Signed under the Obama administration but still not enacted, The Clean Power Plan (CPP) called for a 32% reduction in power sector CO2 emissions by 2030 (compared with 2005 levels) but is now in the process of being repealed under the Trump administration. This decision is consistent with American norms because it leaves the future of our power system to the free market, stopping the government from picking energy winners and losers with policy.
In fact, many believe that the CPP wasn’t even legal, justifying the nearly 30 states attorneys general that were suing the U.S. Environmental Protection Agency to block the plan. In fact, one Harvard Law expert tabbed the CPP “unconstitutional,” a violation of the 10th amendment and states’ rights, here. The repeal proposal reports that the removal of the CPP would save the country $33 billion, here.
We are seeking emission reductions via more natural gas, more wind and solar, and more clean coal, but the rules must be fair and based on extant technologies: the use of coal under the CPP, for instance, would have required carbon capture systems that aren’t yet commercially viable. Unmentioned, the CPP would strand massive clean energy investments already made: it unfairly disregards the $135 billion spend by the coal industry deploying clean coal technologies since 1990. That matters.
The CPP would have increased electricity prices unnecessarily, most dangerous for our most vulnerable because higher energy costs take away from other critical spending, such as on one’s health. The Pacific Research Institute, for instance, has concluded that the CPP would have raised electricity bills for an African-American family in Ohio by around $410 annually.
Thanks to our free market system, we enjoy some of the lowest electricity prices in the world. For example, heavy handed environmental regulation forcing renewables in the European wind power capitals of Denmark and Germany have left them with home power rates in the 40-45 cents per kWh range, compared to just 12-13 cents here in the U.S. And ironically, all the while, our emissions are declining much faster, here!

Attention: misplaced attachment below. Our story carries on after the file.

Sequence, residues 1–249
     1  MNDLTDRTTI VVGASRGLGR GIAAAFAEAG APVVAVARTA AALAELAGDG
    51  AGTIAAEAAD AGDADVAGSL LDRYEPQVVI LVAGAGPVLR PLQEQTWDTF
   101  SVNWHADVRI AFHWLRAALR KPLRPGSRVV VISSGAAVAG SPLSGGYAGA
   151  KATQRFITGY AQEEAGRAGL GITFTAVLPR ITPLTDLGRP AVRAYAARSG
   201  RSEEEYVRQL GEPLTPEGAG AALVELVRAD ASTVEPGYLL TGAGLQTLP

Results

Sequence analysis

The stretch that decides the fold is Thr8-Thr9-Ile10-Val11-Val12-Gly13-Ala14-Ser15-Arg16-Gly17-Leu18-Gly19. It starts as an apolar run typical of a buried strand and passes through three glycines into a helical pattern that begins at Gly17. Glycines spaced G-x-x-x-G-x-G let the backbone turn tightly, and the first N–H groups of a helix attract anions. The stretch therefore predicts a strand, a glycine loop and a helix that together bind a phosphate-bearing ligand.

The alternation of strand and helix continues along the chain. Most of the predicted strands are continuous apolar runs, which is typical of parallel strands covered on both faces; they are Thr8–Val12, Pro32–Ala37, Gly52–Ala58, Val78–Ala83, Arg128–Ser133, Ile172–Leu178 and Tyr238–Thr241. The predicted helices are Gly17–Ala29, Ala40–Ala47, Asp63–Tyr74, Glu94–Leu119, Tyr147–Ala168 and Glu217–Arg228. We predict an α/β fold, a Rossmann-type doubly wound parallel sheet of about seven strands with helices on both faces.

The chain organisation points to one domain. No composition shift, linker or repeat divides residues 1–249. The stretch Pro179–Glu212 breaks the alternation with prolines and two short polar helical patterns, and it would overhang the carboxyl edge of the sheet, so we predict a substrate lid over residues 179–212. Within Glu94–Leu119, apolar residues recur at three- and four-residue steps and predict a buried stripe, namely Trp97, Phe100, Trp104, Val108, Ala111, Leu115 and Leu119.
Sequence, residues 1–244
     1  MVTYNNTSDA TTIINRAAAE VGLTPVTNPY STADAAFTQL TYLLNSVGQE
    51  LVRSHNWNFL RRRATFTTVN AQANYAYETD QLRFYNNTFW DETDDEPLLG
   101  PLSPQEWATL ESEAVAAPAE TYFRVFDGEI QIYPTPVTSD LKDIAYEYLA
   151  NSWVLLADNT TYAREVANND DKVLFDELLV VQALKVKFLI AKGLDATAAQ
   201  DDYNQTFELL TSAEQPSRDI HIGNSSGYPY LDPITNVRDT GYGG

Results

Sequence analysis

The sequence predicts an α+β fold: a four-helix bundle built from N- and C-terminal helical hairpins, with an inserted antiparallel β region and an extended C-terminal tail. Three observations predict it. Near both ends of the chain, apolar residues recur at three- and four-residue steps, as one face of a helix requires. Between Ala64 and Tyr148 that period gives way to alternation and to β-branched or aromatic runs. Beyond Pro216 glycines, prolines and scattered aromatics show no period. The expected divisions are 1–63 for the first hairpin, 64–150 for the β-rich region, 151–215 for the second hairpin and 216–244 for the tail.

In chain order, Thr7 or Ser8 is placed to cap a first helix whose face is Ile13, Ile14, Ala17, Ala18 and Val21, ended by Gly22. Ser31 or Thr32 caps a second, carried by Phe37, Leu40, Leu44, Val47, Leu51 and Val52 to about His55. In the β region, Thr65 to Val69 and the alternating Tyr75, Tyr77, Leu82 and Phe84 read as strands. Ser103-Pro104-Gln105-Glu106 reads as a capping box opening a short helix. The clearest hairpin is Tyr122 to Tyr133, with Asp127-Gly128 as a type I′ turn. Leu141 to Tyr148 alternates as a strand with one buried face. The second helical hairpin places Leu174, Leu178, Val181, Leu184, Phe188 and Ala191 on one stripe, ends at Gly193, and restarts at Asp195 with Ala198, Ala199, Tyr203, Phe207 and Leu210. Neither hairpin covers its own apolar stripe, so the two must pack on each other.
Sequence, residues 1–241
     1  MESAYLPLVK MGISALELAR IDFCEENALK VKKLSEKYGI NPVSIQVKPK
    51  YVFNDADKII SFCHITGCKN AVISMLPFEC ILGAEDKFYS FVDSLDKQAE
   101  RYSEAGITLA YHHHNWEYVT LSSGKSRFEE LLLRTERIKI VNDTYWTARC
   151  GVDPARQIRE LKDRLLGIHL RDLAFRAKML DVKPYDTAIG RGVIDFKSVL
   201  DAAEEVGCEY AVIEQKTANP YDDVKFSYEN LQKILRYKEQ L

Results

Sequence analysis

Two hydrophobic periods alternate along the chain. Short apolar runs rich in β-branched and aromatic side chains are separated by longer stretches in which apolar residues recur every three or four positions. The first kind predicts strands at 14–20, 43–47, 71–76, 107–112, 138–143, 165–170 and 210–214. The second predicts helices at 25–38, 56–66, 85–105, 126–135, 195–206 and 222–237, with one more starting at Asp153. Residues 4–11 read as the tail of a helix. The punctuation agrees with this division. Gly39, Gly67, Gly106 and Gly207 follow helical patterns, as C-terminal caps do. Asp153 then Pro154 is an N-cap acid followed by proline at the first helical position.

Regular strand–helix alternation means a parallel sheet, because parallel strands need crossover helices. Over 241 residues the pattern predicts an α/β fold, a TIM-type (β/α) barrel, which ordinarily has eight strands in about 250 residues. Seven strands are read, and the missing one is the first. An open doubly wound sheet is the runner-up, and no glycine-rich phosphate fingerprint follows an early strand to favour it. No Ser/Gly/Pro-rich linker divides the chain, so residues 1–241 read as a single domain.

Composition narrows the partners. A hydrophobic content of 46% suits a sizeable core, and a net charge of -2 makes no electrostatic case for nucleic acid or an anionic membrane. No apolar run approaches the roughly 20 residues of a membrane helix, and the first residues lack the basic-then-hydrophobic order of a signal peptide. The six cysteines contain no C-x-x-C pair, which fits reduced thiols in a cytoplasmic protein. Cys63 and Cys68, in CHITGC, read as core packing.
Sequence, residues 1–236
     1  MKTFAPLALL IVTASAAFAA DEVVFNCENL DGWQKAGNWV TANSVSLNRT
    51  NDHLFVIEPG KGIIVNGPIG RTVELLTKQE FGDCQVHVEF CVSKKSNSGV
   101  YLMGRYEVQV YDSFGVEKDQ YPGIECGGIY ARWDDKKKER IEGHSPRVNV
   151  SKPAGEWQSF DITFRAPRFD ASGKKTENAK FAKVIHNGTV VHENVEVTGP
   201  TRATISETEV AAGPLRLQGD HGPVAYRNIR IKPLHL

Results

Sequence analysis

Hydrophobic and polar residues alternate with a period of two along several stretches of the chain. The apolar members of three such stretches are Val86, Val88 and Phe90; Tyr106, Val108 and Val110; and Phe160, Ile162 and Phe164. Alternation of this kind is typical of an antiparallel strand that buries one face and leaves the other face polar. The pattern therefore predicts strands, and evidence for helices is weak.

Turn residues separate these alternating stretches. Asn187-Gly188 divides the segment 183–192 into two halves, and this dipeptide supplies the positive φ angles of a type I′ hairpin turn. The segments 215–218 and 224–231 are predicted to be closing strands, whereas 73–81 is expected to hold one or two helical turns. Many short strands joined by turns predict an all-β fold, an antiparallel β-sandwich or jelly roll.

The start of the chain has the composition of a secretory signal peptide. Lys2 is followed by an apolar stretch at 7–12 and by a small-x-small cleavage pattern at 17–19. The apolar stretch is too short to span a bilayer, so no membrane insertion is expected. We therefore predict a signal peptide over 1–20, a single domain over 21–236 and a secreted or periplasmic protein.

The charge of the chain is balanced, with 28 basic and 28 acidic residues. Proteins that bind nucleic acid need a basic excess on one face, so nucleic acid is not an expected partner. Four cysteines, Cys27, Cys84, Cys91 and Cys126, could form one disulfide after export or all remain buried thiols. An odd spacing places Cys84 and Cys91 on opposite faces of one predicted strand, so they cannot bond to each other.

Indeed, it’s extremely telling that the two states most vigorously defending the CPP, New York and California, have the two highest electricity rates in the country (besides Hawaii), at 45-55% above the national average. Moreover, New York and California have consistently been ranked as the two worst states for business, no doubt hurt by much higher energy costs that strain the budgets of both families and businesses, here.
The CPP can’t be a climate “climate game changer” because models continues to conclude that other nations will be fully responsible for all incremental CO2 emissions, not us. From 2015-2040, the International Energy Agency’s World Energy Model reports that global CO2 emissions will rise 12-15% to 36-37 billion tonnes, while U.S. CO2 emissions will actually drop 17-20% below 5 billion tonnes.
Additionally, I’d argue that it’s not possible to prove the reduction in climate change that would result from individual U.S. regulations on emissions because climate change by definition is a global phenomenon, based on world emissions in aggregate. This really means that policies to decrease extreme weather events in the U.S. have to take into account decisions made in other countries, decisions made outside of our own control – like coal usage in China and India. These are undeniably unknowable.
Don’t be duped: The New York Times reports that “Chinese corporations are building or planning to build more than 700 new coal plants at home and around the world.” And Politic0 headlines “Why China is no global leader.” This is why the CPP is based a theoretical reduction of 0.03 [degrees Celsius] in warming by 2100, here.
Continuing, as for reducing U.S. emissions, the free market is obviously already working quite awesomely. Our power sector emissions continue to uniquely decline, in contrast to other sectors (see Figure). In fact, we have the fastest declining CO2 emissions of all nations. Thanks largely to natural gas surging its share of power from less than 20% to 33% over the past 12 years, we are already 70-80% on the way to meeting the CPP goals anyways. Let our electric power system continue on its journey!
But, let me conclude with the most important thing to remember, one that is unsurprisingly ignored. Wealth (i.e., having more money) is the basis of our health, not our drastically improved air quality, here. Horrifically, we still have 50 million Americans living in poverty, and globally some 6 in every 7 humans live in undeveloped nations. Tragically, these people have now become a complete afterthought. And that’s no wonder: it’s far more difficult to find real solutions to worsening poverty today than it is to formulate regulations based on predicted benefits far down the road.
In very stark contrast…you might.
See the article here.